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The likelihood of joint legal custody

A divorcing parent in Georgia may seek to get custody of their children after the end of their marriage. They can seek legal custody, which gives control over the decisions about a child's religion, health care, education and other parts of their welfare. There is also residential/physical custody, which relates to where a child will spend most of their time.

For most of the 20th century, fathers who sought to obtain shared child custody after a divorce were likely to be disappointed. This is because the family courts tended to rule in the favor of the mothers, who were typically granted sole custody. However, for the last 30 years, there has been a significant change in the way the courts have been awarding child custody. Judges have been favoring mutual agreements in which shared custody is included.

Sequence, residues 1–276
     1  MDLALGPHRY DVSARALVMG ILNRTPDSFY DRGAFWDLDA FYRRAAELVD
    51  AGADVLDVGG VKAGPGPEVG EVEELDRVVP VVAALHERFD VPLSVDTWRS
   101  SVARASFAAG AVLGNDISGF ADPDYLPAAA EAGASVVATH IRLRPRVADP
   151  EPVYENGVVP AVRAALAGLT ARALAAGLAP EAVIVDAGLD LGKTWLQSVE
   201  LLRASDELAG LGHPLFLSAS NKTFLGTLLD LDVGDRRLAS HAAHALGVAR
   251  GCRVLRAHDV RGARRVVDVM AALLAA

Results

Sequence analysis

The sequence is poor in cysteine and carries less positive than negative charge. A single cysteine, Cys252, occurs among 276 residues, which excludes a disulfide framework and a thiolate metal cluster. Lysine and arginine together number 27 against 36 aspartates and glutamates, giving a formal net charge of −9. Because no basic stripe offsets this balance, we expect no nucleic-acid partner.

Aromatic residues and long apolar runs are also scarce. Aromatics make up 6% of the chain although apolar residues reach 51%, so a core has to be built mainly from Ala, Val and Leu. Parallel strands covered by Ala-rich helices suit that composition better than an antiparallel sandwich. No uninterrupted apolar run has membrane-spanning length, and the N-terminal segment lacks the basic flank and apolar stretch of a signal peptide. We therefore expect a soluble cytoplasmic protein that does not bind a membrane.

The divorce laws differ from state to state, but the family courts of today use a presumption of joint legal custody as a starting point when considering child custody. Furthermore, most courts are open to awarding shared residential custody. Getting residential custody divided into equal halves usually presents some logistical difficulties. Working parents may find it difficult to have to transport the kids back and forth between their two residences during the school week. This is why the courts still tend to choose mothers when assigning shared residential custody schedules.

A family law attorney may work to obtain a client's preferred divorce settlement terms regarding a divorce legal issues, including child custody. After considering the factors of a case, legal counsel may recommend using litigation or negotiation tactics to resolve disputes regarding joint custody, visitation times, parental relocation and more. If a client's circumstances change, the attorney may petition the court to modify the current child custody order.

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